The same LRF tactics and strategies used for Rockfish and small predators such as Pike, Perch and Wrasse can be applied when going for flounder from the beach, pier or breakwater. Where there are fish, you can land some with solid LRF tactics.
Being mainly bottom feeders, a non-threatening looking fish it is easy to think that flounder are not going to behave like other predators. If you pull some Power Isome or a small lure over the head of a founder; they will grab it. Using fresh Rag or Lug worms will also work. However, if you are casting-retrieving with a certain amount of jigging or jerking the bait it may not hold together as well.
These LRF tactics work because of what we keep saying: big fish eat little fish. It is easy to forget the flounder can be predatory in nature as everything about them seems to be designed to lay flat on the bottom of the seabed and hide. This actually is a good insight into their nature and potential behaviour patterns.
However, think about how other predators like Pike behave when hiding at the bottom of a river or loch. Thousands of years of evolution has helped these guys lay on the bottom unseen and strike out at unsuspecting fry that are feeding on little leftovers in the sand.
This is where a little jig head and some Marukyu Power Isome Sandworm cut into little pieces come in very useful. There are plenty other small LRF lures suited to catch flatfish too for example: Mebaru & AJI Oboro 1.5\” Lures with a Jig Head.
Flounder ambush their prey, feeding at soft muddy areas of the sea bottom, near bridge piles, docks and coral reefs. They have been found at the bottom of the Mariana trench, the deepest known ocean canyon. Swiss scientist Jacques Piccard and US Navy Lt. Don Walsh reached a depth of 10,916 meters (35,814 ft) and were surprised to discover sole or flounder about 30 cm long. A flounder’s diet consists mainly of fish spawn, crustaceans, polychaetes and small fish. Flounder typically grow to a length of 12.5–37.5 centimetres (4.9–14.8 in), and as large as 60 centimetres (24 in). Their width is about half their length. Male Platichthys are known to display a pioneering spirit, and have been found up to 80 miles off the coast of northern Sardinia, sometimes with heavy encrustations of various species of Barnacle.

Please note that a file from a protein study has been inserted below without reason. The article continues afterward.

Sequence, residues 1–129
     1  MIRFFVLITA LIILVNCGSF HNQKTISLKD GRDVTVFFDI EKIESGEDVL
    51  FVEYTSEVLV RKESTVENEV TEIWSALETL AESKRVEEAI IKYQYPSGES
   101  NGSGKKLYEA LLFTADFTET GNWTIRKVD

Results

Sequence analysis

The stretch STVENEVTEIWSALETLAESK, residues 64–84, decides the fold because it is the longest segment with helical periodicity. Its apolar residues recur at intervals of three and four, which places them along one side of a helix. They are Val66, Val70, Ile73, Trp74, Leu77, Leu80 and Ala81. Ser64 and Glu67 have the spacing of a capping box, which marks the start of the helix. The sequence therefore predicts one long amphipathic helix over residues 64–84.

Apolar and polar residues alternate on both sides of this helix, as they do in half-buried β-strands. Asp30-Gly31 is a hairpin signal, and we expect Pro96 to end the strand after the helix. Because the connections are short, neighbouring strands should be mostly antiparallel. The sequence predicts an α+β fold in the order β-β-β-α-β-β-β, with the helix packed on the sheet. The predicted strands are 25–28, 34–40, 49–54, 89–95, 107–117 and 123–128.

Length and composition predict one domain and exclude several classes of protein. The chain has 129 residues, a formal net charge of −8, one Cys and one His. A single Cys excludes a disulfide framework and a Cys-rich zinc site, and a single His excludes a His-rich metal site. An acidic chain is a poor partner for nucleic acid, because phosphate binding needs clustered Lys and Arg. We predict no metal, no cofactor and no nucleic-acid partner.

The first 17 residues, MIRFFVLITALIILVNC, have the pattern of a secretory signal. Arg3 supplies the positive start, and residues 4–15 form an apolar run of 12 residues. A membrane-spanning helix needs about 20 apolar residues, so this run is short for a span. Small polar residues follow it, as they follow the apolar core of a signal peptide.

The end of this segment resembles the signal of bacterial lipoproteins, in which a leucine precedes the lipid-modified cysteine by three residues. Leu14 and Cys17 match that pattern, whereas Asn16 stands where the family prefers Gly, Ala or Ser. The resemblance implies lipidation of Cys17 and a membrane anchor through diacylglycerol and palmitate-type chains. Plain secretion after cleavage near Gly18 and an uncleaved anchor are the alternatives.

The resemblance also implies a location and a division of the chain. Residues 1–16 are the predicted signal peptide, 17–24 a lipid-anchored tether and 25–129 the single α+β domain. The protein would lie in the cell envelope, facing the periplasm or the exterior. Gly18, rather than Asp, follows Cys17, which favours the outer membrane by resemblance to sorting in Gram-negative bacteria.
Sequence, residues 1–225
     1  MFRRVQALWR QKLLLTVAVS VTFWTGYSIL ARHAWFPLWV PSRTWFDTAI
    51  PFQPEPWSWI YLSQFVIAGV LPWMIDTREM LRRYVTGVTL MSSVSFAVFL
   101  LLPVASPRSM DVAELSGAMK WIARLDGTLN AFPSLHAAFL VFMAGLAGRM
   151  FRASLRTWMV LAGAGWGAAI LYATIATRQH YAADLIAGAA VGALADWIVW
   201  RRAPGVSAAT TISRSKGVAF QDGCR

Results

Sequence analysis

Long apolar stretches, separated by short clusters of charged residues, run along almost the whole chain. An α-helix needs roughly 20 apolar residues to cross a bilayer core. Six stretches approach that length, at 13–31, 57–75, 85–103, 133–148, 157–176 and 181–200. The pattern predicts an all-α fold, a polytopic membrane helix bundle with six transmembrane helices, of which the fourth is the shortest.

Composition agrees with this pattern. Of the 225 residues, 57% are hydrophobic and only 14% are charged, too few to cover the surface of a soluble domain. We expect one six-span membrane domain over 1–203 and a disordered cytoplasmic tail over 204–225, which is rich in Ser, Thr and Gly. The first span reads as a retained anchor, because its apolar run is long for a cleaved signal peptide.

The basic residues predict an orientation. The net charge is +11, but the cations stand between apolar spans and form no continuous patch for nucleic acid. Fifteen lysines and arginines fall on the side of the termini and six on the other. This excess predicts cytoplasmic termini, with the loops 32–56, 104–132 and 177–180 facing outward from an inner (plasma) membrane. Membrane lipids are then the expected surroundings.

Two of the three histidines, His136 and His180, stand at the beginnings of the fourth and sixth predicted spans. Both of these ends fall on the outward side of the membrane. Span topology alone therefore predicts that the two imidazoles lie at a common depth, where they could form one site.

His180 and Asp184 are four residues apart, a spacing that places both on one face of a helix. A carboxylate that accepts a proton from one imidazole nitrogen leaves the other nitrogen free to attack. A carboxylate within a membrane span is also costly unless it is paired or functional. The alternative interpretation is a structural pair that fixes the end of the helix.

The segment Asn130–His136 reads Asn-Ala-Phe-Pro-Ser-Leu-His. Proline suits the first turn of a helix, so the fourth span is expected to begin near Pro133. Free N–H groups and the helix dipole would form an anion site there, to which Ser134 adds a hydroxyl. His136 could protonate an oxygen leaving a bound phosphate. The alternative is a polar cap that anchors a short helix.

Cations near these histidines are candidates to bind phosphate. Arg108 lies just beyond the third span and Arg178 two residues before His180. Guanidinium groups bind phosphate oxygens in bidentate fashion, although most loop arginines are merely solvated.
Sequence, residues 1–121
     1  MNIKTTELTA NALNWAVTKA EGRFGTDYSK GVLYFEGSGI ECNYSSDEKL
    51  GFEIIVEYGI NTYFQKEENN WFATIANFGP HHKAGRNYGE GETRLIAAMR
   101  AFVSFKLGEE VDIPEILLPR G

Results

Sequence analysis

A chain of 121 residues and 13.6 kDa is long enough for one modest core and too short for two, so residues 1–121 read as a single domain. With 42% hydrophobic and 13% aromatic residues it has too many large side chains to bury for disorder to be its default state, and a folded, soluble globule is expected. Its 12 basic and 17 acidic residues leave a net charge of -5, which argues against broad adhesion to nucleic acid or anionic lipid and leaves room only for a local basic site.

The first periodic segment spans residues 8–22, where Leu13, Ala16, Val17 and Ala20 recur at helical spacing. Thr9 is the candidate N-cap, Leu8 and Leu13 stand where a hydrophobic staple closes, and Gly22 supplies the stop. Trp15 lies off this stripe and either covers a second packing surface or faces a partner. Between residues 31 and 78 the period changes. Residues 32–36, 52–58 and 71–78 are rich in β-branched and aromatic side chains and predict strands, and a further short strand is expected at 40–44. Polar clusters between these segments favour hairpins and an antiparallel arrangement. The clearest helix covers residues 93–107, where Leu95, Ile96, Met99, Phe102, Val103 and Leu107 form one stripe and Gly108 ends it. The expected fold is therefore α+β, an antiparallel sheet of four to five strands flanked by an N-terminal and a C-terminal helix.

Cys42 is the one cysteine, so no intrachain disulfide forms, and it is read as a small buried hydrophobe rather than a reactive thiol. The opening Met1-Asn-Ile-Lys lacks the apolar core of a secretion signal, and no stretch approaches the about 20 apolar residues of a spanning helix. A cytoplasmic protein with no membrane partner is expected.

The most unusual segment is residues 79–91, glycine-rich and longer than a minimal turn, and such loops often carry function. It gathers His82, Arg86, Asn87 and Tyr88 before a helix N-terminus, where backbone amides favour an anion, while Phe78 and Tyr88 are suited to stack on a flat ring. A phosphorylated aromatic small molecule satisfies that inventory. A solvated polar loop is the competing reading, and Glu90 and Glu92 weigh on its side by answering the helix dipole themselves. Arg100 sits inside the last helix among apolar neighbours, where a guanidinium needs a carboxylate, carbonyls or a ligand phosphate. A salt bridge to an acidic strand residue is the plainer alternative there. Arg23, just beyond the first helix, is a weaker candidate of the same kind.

Worth a watch:
When it comes to flounder it is all too often assumed that you need to cast really far to get the best chance of reaching them. I have supplied plenty 13-14ft rods with heavy duty reels, line, tripods, weights and everything else for beach fishing. The added variable is often a pair of chest waders. We will call him; Mr Angler.
Mr Angler will wade out as far as he can, do a big pendulum style cast with all his might and then walk to put the rod onto the tripod.
In this case, Mr Angler has probably walked past a few flatties (if not, stood on one) and then cast out even further past a lot of them.
With a light spinning outfit you can easily cast to where they are sitting in their rested state. On sandy marks, casting 15ft or more and then jigging the lure back in stages will likely be more than enough distance.
For what gear you need, you can start here.